I do a lot of media interviews where I am asked what my biggest/best design tips are. I rattle them off quickly and then they are published in random magazines or websites – but rarely have they made it here, on to this blog. In fact, when I brought up the subject of this post, 1/2 of my team didn’t even know what my answer would be. So, it seemed time to put them into one place, here on the blog.
If you are a seasoned home decorator, or hell, if you are a designer, then you know that there are no rules, ever, BUT these are guidelines that will help anybody decorate their home with confidence and avoid some big pitfalls at the start. Also, read on to shop a sale I’ve curated with Gilt.com that features my favorite items to get you started as you decorate with these principles (P.S. there’s a discount code at the end to make things even easier).
Tip #1. You can mix however many styles you want, mid-century-country-hollywood-regency-industrial-traditional – ALL OF THEM together as long as you have a consistent color palette peppered evenly throughout the space. This is the number one problem I see – not telling a cohesive color story through furniture and accessories. Choose a few colors that you’ve always loved, add some neutrals, throw in some accent colors, and then shop and style ONLY within those colors.
Now if you are a color genius, or an extremely confidant diy-designer then of course you can do whatever you want – and I’ve seen rooms look great with 94 colors in them. Most of our clients, as well as myself, like an eclectic mix of styles, right? But I warn that if you have a ton of different styles in a ton of different colors all thrown together in a room, it can look like a thrift store (especially if you have lots of vintage) or even worse a big, busy, messy, cluttered mistake.
Keep it consistent, cohesive and pepper those few colors around the room evenly with a good dose of a neutral spread around. I’m going to write a whole post/video about how to choose the right color palette for you, but the quickest way to do it is to look in your closet, see what colors you seem to be most attracted to, (make sure it’s a combination of cool tones and warm tones so it feels balanced), then add some highlights (lighter versions of some of those colors) and lowlights (darker, more muted version). Then neutrals, black, and whites are you friends in most color palettes.
Tip #2. Finding the right scale can be tricky when building a room, but there is something simple that I always go back to: A large room should have large furniture, medium rooms should have medium-sized furniture, and small rooms, (you guessed it) should have more petite furniture. Once the sofa is chosen, scale the rest of the furniture and accessories to that sofa.
Take Nicolette’s makeover, for instance – that room was big, that sofa is large, and therefore we had to get larger club chairs and a nice big coffee table (although that coffee table was glass which is good because it’s visually light in a room of heavier furniture). You can have some smaller pieces – or we could have done two petite chairs in place of one of the larger club chairs, but there should be a few pieces that are in scale with the room, that really make it feel intentional and balanced.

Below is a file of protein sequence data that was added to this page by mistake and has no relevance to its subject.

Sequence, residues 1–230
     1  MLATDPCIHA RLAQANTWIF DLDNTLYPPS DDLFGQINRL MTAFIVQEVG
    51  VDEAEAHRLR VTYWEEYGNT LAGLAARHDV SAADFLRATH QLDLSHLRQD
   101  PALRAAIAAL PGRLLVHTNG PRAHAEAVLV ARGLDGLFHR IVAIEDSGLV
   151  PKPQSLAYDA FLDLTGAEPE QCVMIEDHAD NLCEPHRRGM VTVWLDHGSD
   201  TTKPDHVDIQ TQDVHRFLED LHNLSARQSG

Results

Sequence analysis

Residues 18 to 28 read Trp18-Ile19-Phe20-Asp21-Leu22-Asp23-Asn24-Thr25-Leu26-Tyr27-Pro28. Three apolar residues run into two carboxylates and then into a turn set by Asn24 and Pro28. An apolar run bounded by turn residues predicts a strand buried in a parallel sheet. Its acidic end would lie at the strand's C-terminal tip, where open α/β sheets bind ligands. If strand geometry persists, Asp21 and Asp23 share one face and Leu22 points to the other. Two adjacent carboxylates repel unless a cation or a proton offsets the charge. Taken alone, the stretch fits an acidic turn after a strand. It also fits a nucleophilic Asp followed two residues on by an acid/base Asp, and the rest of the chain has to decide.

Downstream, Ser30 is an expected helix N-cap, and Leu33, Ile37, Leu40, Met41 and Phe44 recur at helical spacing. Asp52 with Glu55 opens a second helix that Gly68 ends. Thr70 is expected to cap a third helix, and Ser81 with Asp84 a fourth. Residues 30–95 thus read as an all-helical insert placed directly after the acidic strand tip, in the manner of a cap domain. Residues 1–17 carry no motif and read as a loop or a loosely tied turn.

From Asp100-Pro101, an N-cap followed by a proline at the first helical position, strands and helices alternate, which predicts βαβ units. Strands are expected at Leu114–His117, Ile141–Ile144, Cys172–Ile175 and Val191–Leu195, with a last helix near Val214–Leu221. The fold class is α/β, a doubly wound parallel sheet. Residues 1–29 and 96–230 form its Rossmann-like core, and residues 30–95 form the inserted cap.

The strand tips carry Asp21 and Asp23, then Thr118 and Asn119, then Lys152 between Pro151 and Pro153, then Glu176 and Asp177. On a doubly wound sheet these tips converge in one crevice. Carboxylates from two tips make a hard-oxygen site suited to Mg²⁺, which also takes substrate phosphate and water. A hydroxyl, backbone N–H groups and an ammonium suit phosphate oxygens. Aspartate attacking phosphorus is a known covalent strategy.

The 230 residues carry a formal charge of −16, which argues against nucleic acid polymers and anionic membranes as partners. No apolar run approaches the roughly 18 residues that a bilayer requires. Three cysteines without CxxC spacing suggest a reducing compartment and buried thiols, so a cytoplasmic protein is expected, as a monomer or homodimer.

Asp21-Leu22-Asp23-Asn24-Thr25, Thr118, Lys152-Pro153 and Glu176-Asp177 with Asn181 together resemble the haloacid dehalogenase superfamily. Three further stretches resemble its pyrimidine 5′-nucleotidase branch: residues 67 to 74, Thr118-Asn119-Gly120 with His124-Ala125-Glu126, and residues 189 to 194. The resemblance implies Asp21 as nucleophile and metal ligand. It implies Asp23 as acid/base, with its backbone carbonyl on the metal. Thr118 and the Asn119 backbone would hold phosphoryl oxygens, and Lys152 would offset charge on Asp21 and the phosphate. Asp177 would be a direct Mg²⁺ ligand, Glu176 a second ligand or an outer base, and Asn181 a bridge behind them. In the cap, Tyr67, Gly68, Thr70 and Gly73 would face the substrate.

Now, Joanna had a smaller living room, big for New York, but smaller than most new home living rooms in the rest of the country. Her sofa is medium sized both in length and “visual weight” and has slimmer lines keeping it looking in the middle-sized range.
Tip #3. Every room needs a combination of vintage and new. While I love a ton of vintage, it can start to look like you bought it all at a garage sale (unless it’s all high end name-brand vintage). At the same time, if a room is full of all new things, it can look generic and lose personality. Mix vintage and new, and even mix brands and makers to get the room with the most soul.
This room started with an antique dining table and that vintage console – we added that wallpaper, chandelier, chairs (all new) then filled it in with some vintage and new accessories. The contrast/mix is what makes the room look lived in and full of soul.
In this project the new sofa, coffee table, and rug are mixed with the vintage chairs, accessories, art, etc. The vintage pieces have new upholstery which help it look more high end. Again, please note the consistent color palette (black, gray, ochre, brown, neutrals with some green to add life through plants).
In this vignette, the vintage dresser is accessorized by some vintage paintings (in new frames) some old books, and a new geometric lamp and new vase. It’s the mix that really creates the most interesting rooms full of personality.
I do have a few more design principles up my sleeve, but those are my three most favorite, most published, and most helpful to those problems that cause all your design agonies.
Alright, to help you guys get the ball rolling with implementing these principles into your own spaces, I have curated a sale on Gilt.com around each of these principles, featuring some of my favorite items (both big and small) to get you guys on the right track when it comes to following these principles. And even better, you can use the code EMILY at checkout to get an extra 20% off your purchase.